The state embodies dynamics seen across the country. Shocked and despairing at Mr. Trump’s election, women on the left concluded they had been complacent and are now diving into politics, many for the first time. Democrats are hoping to capitalize on a growing Hispanic electorate; Republicans are testing whether their close embrace of the president helps or hurts.

Among the state’s marquee races is an all-out fight for the Senate seat being vacated by Jeff Flake, with candidates including Representative Martha McSally, the Air Force’s first female fighter pilot; Kelli Ward, a former state senator and hard-right politician known for her conspiracy theories; and Joe Arpaio, the sheriff whose anti-immigrant stances cost him his job in 2016 on the Republican side. Representative Kyrsten Sinema is running against another woman and several men on the Democratic side. On the state level, January Contreras, a Democrat, is the first Latina to run for state attorney general.

There’s also a #MeToo-inflected special election to replace Representative Trent Franks, who resigned under pressure in a sexual harassment scandal. On April 24 Debbie Lesko, a former state senator who beat 11 Republican male primary challengers as a full-throated Trump supporter, will face off against Hiral Tipirneni, a doctor and political newcomer who trained with Emerge America, one of several groups that recruit Democratic women to run for office.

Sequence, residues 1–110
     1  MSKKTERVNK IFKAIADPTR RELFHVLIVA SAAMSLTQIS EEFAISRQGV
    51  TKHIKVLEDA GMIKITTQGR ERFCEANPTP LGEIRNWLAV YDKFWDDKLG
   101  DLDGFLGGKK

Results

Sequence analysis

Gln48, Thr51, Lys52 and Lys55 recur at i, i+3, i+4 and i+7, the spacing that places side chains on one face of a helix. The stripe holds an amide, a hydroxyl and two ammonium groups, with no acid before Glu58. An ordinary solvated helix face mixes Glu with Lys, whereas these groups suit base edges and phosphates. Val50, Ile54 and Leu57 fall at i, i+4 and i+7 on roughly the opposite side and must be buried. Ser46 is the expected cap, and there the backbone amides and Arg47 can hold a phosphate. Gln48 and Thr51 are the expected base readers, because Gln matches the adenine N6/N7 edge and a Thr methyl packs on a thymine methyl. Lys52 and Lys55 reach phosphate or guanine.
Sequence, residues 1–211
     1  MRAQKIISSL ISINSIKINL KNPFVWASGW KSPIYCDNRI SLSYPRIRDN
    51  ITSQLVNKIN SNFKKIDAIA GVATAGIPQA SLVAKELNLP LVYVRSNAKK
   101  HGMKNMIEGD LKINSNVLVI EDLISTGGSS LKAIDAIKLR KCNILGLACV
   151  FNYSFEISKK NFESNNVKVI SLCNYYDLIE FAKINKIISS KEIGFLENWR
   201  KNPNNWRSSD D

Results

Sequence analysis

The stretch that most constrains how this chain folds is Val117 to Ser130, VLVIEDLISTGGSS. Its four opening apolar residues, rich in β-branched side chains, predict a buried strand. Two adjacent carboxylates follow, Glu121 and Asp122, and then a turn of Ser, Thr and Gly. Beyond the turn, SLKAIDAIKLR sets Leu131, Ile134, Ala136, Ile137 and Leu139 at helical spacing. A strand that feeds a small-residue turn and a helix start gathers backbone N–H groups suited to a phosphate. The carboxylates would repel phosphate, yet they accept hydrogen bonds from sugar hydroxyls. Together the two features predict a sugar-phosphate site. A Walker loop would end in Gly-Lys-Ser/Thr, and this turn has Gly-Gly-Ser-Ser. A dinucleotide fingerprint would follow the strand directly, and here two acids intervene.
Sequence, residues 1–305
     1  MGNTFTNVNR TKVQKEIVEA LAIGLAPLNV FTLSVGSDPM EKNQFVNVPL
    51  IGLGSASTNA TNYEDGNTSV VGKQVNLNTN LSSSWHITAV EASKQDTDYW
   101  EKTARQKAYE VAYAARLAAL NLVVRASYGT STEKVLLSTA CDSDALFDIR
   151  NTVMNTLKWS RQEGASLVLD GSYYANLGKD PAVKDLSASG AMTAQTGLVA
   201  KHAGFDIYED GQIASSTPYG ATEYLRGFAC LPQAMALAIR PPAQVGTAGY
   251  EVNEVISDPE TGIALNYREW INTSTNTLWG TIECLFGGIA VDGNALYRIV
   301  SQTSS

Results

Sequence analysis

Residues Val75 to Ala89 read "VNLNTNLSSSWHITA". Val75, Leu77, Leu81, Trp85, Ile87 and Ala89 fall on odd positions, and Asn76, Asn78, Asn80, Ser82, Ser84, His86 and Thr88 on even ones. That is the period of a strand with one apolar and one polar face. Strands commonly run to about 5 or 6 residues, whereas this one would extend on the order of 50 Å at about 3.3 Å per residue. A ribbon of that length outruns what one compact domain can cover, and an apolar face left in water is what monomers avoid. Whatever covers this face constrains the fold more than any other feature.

Still, Arizona remains a state that has not had a Democratic senator since 1995 and where Republicans have the trifecta of governor and both houses of the legislature. Entrenched conservative values will clash this year with a liberal fervor that often plays out at the local level, in grinding, unglamorous work.

This surge of activism is engaging women of all ages and backgrounds, but tensions are already flaring between women on the left and the center about whom to endorse. Advice and training are pouring in from a bevy of national organizations, including Planned Parenthood and Indivisible, another of the “resistance” groups that published a widely downloaded organizing guide.

Photo

Political activists last month in Peoria, Ariz., preparing for a canvassing event before a congressional special election between two women on April 24.

Credit
Caitlin O’Hara for The New York Times

Photo

Jennifer Eisel of Stand Indivisible Arizona passed information about the coming special election to a potential voter last month in Peoria.

Credit
Caitlin O’Hara for The New York Times

Women make up a majority of Indivisible’s ranks in Phoenix; they hold weekly protests, canvass for candidates and convene summit meetings, including a visit from the strategists who ran the ground game for the recent Democratic gains in the Virginia state legislature. Julie Golding, a financial analyst, maintains an “AZ Resist” calendar of activities across the state that logs between 30 and 60 events a day.

Democrats continue to hope that they can win votes by increasing turnout among Arizona’s large and growing Hispanic population. Ana Maria Escobedo, an entrepreneur, joined Indivisible determined to rally more Hispanics to register; she is knocking on doors to enlist new voters, and proudly recounted how she and an avid Trump supporter spent all night talking at a wedding so she could rebut him point by point.